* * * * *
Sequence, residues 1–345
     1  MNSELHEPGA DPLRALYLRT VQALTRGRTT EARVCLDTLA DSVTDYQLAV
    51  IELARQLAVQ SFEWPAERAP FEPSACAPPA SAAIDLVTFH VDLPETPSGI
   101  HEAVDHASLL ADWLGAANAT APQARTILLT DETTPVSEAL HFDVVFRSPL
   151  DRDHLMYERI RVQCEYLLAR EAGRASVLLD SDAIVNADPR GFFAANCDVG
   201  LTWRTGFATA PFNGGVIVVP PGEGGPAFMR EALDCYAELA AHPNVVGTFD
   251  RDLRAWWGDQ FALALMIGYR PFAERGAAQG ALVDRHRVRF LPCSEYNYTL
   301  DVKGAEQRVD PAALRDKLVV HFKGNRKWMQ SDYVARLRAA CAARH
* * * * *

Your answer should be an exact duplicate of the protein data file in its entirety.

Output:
Sequence, residues 1–345
     1  MNSELHEPGA DPLRALYLRT VQALTRGRTT EARVCLDTLA DSVTDYQLAV
    51  IELARQLAVQ SFEWPAERAP FEPSACAPPA SAAIDLVTFH VDLPETPSGI
   101  HEAVDHASLL ADWLGAANAT APQARTILLT DETTPVSEAL HFDVVFRSPL
   151  DRDHLMYERI RVQCEYLLAR EAGRASVLLD SDAIVNADPR GFFAANCDVG
   201  LTWRTGFATA PFNGGVIVVP PGEGGPAFMR EALDCYAELA AHPNVVGTFD
   251  RDLRAWWGDQ FALALMIGYR PFAERGAAQG ALVDRHRVRF LPCSEYNYTL
   301  DVKGAEQRVD PAALRDKLVV HFKGNRKWMQ SDYVARLRAA CAARH